PART 2-1964- 1973

By Amb. Emmanuel Mwamba

From Multiparty State to One-party State

Zambia was set to become independent in 1964.

As the largest producer of copper in the world, it held foreign reserves exceeding a year’s GDP.

Zambia was seen as one of the wealthiest new democracies emerging from colonial Africa with the brightest hopes to succeed and prosper as a new state in Africa.

1964- Other than successful multiparty elections, a matter mars the country at the dawn of the new start. On August 3 1964, over 1300 men, women and children, followers of Prophetess Lenshina (born Alice Mulenga Lubusha) and the Lumpa Church, have been massacred by state forces in what is termed as the Lumpa Uprising.

Lenshina was arrested and her church commanding over 120,000 followers was banned.

Most of her close followers fled into exile in Zaire and Tanzania.

October, 1964 – Zambia becomes independent. It is a multi-party democracy with a liberal economy driven by the private sector.

UNIP is the governing party while the African National Congress (ANC) led by Harry Mwaanga Nkumbula since 1951 became the official Opposition party in Parliament.

1965 – On the eve of Zambia’s first Independence Anniversay, Kenneth Kaunda affirms that his government will pursue the “One Zambia One Nation Motto”. He also makes a fundamental declaration; “I want to see a nation governed by men governed by God”. He also said; “…we can show the world that as a Christian Nation, God is all powerful in our family life”

1967- United National Independence Party(UNIP) Annual General Conference held on 14th-20th August 1967. The party conference was divided by ethnic lines. Foreign Affairs Minister and child-hood friend of Kaunda, Simon Mwansa Kapwepwe defeated the Vice President, Ruben Chitandika Kamanga from Kaunda’s camp.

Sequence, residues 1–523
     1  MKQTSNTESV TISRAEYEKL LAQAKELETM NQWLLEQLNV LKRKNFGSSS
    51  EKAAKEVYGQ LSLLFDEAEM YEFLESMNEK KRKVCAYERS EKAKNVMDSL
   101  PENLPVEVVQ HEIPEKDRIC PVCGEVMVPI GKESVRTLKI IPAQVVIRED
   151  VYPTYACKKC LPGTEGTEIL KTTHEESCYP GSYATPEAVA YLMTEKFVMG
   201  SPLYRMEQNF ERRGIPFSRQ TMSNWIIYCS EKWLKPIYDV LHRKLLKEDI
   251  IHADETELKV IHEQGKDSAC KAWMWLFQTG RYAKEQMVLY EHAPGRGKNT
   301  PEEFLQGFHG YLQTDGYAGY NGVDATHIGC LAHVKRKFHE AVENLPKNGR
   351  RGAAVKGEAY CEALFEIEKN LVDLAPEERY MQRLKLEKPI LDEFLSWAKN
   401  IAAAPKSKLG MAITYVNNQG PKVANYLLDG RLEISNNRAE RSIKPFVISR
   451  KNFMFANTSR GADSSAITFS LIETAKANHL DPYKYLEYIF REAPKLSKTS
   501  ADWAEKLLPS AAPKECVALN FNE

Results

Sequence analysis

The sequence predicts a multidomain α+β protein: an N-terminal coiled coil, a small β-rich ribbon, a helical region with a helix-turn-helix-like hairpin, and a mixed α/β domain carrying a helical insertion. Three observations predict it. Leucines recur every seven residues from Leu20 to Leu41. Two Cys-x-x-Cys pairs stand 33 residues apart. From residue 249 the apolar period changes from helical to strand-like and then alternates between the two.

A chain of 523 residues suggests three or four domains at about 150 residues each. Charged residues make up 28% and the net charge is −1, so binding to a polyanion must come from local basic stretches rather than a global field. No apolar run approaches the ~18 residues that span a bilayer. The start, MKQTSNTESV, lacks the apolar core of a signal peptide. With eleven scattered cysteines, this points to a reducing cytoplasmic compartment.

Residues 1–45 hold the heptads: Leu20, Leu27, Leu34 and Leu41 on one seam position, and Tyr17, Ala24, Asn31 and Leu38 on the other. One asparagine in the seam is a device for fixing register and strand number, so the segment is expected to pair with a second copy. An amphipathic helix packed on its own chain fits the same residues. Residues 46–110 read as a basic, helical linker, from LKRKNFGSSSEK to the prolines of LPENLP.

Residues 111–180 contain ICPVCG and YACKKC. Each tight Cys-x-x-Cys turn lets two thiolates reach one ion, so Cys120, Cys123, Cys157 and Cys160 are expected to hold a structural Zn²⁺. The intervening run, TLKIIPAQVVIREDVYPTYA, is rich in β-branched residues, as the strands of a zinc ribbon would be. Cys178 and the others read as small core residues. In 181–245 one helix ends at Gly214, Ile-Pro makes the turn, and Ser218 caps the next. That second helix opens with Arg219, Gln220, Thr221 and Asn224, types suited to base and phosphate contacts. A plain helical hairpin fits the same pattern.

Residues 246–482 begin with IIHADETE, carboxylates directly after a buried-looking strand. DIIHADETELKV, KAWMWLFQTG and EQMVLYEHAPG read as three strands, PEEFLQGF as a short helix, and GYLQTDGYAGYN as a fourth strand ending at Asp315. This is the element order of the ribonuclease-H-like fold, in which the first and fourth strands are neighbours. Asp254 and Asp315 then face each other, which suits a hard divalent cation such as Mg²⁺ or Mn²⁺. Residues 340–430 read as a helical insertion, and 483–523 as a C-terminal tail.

After the Congress, Kapwepwe as per party dictates, became the new Vice President, and also Minister of Finance.

However by 1969, a deep rift had emerged between the two and he resigned as Vice President.

Kaunda declined Kapwepwe’s resignation but later in 1970, he dropped him as Vice President and replaced him with Mainza Chona. Kapwepwe was however retained in government and held the portfolios of Local Government and Minister of Culture.

1967- Commerce Minister, Nalumino Mundia resigns from UNIP Government and forms his own United Party(UP).

In the run-up to national elections in 1968, he held a rally in Matero township in Lusaka. This led to his detention over his remarks at the rally.

He was detained with Henry Ndhlovu, William Chipango, Dickson Chikulo, Julie Namakando and Adamson Mushala. The group were acquitted in August 1968.

1968- First national elections after Independence. Kenneth Kaunda is subjected to the first direct vote which he won by a resounding 82%.

The 10 reserved roll seats for whites were abolished, and Parliament was increased to 105 members of parliament. The President was allowed to appoint 5 nominated MPs.

1968- A referendum is held to give powers to Parliament to amend the Constitution without resorting to a national referendum process.

1968-In April 1968, Kaunda announced major shift of the structure of the economy through reforms outlined as Mulungushi and Matero Reforms.

The aim was to nationalise foreign-owned firms and direct resources there-of to national development through State enterprises.

Government declared its intention to acquire equity holdings in key foreign-owned firms including the mines.